A little over a year later in April 2019, 19-year-old John Timothy Earnest burst into the Chabad of Poway synagogue outside San Diego, killing one congregant in a burst of gunfire, again during Sabbath services. In his manifesto, Earnest wrote, “Every Jew is responsible for the meticulously planned genocide of the European race. They act as a unit, and every Jew plays his part to enslave the other races around him—whether consciously or subconsciously.”
As I’ve warned, the Jews were just the first, most attractive target. Soon these attacks spread to the rest of America. In August 2019, a far-right shooter targeted Latinos in an El Paso, Texas Walmart, killing 23. In May 2022, a far-right shooter targeted black Americans at a supermarket in Buffalo, New York, killing 10. Both cited the “Great Replacement” theory as motivations for their attacks.
The Threat from Black Nationalists
Jew hatred doesn’t only come from white nationalists, but also from black nationalists, who since the 1960’s have been advocating for a major national influence through the Nation of Islam (NOI) and their co-hordes through race pride for African Americans and black separatism.
Hatred of Jews has long been brewing in the black community. Louis Farrakhan, the leader of the antisemitic Nation of Islam (NOI), has been a prominent voice in the community for decades.
Farrakhan spews hateful venom at Jews, alleging that the Jewish people were responsible for the slave trade and that they conspire to control the government, the media and Hollywood, as well as various black individuals and organizations. He frequently denies the legitimacy of Judaism – or the Jewish claim to the Land of Israel – arguing that “Judaism is nothing more than a ‘deceptive lie’ and a ‘theological error’ promoted by Jews to further their ‘control’ over America’s government and economy.”
The severity of this problem burst onto the national scene in December 2019, with a spate of attacks against the Jewish community in the New York metropolitan area. On December 10, two heavily armed individuals connected to the Black Hebrew Israelite (BHI) movement murdered three people at a kosher supermarket in Jersey City, New Jersey. Weeks later, on December 28, a BHI-inspired individual attacked a Hanukkah gathering in Monsey, New York with a large knife, killing 72-year-old Rabbi Josef Neumann.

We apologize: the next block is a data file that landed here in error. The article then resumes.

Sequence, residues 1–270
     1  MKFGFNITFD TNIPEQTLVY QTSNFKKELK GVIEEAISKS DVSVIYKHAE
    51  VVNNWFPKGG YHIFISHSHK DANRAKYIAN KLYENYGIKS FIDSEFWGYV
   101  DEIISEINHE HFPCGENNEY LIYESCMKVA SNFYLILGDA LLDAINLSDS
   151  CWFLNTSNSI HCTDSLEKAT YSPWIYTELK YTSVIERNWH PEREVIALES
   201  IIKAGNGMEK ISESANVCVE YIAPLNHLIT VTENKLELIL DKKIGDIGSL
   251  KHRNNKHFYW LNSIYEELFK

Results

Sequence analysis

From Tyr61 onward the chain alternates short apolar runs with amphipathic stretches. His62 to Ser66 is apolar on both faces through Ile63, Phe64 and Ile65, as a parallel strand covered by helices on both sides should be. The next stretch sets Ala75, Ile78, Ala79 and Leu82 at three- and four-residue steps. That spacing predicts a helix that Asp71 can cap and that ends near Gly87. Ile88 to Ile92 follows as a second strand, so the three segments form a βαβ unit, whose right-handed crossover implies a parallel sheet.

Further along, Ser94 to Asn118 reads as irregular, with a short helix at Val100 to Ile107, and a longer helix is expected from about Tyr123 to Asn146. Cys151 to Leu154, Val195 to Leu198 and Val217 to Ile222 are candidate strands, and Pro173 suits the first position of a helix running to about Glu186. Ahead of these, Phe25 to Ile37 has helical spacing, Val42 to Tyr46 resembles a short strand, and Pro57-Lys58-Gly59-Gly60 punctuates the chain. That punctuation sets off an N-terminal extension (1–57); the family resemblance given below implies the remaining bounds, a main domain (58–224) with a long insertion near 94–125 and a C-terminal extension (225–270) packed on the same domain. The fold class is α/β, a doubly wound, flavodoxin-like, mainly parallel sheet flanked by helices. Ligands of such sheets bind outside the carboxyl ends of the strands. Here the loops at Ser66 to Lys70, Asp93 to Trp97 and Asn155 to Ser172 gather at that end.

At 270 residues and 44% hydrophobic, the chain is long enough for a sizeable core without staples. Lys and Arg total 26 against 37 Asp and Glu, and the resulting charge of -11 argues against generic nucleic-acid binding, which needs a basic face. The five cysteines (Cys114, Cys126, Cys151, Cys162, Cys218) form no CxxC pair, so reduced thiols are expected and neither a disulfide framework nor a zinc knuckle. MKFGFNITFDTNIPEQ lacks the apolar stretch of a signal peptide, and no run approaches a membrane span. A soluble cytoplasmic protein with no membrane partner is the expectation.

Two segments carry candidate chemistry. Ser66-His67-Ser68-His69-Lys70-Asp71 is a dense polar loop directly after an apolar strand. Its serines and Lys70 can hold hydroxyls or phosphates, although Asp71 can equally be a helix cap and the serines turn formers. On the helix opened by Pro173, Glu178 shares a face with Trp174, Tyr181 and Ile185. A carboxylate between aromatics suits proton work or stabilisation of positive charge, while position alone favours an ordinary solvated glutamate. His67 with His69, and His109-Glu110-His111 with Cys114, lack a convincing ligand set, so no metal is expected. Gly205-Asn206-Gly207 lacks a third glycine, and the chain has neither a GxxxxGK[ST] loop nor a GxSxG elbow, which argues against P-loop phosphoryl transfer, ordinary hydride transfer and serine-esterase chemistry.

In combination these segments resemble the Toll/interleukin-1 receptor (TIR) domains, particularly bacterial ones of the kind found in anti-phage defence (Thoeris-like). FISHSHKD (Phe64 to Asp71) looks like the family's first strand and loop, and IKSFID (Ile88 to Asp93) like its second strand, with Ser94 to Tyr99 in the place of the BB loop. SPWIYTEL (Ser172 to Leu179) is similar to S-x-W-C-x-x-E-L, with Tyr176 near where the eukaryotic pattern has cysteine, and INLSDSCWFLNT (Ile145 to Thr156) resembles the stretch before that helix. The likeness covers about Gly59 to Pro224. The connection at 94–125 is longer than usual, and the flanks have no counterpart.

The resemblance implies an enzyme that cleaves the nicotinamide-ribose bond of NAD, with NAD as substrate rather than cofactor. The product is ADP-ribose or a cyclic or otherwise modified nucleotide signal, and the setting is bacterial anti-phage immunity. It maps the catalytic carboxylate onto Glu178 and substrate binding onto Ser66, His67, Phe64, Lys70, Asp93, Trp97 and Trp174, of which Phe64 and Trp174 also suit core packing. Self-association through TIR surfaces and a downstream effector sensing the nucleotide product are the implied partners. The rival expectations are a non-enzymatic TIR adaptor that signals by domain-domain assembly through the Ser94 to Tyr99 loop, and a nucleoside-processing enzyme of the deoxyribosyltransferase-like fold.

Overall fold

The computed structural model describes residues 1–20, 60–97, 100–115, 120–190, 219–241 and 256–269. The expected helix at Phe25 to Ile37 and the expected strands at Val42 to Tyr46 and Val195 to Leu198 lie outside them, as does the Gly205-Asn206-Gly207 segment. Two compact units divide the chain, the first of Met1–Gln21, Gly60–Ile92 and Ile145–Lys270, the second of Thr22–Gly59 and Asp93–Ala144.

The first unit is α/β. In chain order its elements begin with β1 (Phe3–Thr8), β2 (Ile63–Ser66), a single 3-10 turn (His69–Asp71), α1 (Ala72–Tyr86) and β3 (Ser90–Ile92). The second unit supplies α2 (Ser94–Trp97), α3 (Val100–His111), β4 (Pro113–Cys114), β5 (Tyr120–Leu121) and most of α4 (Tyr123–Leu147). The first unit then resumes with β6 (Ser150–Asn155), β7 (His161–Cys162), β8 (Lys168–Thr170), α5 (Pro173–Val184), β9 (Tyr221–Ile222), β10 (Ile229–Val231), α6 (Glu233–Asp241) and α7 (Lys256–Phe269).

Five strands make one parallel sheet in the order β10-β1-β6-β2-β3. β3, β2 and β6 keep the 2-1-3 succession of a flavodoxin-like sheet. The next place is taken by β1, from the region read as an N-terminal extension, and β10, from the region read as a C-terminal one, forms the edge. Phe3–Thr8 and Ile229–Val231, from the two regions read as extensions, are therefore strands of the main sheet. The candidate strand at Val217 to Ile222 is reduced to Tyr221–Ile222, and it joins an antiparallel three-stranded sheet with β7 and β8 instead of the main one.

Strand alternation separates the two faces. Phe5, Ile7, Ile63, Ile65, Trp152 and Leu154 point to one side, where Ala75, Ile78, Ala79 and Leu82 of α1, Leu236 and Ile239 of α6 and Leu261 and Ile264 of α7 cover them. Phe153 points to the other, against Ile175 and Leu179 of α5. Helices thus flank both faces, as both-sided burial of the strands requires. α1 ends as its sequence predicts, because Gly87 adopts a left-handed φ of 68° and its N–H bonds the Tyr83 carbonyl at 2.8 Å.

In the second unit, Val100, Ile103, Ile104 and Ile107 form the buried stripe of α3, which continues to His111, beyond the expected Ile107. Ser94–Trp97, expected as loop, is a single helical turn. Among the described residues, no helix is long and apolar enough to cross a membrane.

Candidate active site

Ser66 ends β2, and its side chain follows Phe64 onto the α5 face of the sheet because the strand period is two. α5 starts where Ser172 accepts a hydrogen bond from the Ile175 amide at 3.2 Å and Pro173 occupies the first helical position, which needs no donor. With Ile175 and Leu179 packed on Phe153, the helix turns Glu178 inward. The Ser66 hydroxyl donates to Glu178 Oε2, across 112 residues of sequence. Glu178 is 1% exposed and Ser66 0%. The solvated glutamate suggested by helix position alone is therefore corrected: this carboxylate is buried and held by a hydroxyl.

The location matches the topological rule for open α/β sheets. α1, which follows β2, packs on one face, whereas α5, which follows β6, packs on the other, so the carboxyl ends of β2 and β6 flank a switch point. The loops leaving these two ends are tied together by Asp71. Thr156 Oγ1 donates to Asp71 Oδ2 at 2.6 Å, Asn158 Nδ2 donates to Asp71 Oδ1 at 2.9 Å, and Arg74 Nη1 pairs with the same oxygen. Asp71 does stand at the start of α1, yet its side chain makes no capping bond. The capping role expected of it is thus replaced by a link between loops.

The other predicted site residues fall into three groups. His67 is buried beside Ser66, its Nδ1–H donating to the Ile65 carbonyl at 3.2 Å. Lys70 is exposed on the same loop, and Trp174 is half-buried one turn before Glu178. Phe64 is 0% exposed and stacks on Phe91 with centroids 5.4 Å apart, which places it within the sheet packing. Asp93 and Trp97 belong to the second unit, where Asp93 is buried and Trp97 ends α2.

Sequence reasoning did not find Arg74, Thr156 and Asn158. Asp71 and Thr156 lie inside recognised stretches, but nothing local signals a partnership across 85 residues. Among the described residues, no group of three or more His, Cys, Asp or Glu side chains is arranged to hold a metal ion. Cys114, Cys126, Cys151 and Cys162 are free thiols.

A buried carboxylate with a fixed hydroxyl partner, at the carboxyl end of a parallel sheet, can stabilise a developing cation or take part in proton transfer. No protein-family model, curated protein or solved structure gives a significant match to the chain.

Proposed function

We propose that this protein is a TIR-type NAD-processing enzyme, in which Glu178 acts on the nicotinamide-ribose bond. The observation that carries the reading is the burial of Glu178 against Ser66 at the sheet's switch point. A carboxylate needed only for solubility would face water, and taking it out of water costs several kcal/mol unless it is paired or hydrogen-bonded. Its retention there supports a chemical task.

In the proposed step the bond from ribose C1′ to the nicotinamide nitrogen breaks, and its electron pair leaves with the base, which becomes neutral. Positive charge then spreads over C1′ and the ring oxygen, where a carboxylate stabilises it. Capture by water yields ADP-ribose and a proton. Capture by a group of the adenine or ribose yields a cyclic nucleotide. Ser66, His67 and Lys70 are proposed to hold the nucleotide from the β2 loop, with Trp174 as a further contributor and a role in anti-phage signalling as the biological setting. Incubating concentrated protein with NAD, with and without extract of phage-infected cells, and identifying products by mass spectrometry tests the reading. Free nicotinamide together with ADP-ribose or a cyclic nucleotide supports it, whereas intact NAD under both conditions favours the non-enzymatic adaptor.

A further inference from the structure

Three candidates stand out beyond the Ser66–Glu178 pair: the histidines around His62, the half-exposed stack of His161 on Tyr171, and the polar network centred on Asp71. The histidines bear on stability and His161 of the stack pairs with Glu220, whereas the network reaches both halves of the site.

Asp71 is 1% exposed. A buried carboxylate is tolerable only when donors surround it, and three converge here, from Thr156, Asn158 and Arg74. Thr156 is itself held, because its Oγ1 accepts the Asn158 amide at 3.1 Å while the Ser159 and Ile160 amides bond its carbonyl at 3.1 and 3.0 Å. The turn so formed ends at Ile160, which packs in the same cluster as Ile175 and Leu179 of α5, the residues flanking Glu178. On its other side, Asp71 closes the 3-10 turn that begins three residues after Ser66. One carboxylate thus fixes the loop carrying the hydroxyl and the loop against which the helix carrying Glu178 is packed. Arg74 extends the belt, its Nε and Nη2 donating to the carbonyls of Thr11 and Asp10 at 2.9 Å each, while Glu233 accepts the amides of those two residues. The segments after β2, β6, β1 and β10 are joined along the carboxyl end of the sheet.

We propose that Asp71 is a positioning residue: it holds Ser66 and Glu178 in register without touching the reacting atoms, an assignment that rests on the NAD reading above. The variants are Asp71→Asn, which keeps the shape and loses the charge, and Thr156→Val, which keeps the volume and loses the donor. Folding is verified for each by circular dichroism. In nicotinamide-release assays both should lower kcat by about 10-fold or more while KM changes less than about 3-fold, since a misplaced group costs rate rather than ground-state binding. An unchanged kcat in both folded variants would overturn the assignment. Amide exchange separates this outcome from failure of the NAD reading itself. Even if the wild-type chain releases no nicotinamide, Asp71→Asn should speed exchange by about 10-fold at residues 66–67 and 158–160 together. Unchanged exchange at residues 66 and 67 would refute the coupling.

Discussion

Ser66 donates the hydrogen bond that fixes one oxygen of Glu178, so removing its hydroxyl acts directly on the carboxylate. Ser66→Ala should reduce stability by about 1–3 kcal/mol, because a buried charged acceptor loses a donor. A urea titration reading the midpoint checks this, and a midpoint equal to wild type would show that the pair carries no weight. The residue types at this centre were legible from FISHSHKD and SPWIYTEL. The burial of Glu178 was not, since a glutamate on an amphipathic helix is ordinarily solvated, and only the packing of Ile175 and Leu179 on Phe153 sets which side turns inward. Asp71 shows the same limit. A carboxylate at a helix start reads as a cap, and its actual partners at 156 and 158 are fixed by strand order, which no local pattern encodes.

Once again, this hate then reared its head from Jews to the rest of society. In November 2021, Darrell Brooks, a black nationalist drove his SUV into a crowd of Christmas parade attendees in Waukesha, Wisconsin, killing six people and wounding dozens. In April 2022, another black nationalist Frank Robert James perpetrated a mass shooting on the New York City subway during rush hour, injuring 29. James’s online incitement and bigotry included antisemitic diatribes.
Farrakhan’s views are echoed in the recent antisemitic outbursts of famed rapper Kanye West, who now goes by “Ye”. Kanye is now claiming, “Somehow our country has been taken over by, you know, maybe about 300 Zionists.” Farrakhan and Kanye have actually been publicly connected for years, with West referring to him as “sensei” in one of his songs.
When Kanye talks about blacks being the real Jews, he mimics the beliefs of the Black Hebrew Israelites (BHI). While white supremacists say “Jews will not replace us”, BHI followers say they are us. Just this past month, a group of BHI marchers in Brooklyn ominously chanted, “we are the real Jews”.
And now Kanye has united with the far right, bringing white supremacist Nick Fuentes along with him when dining with former President Donald Trump in Mar-a-Lago on November 22.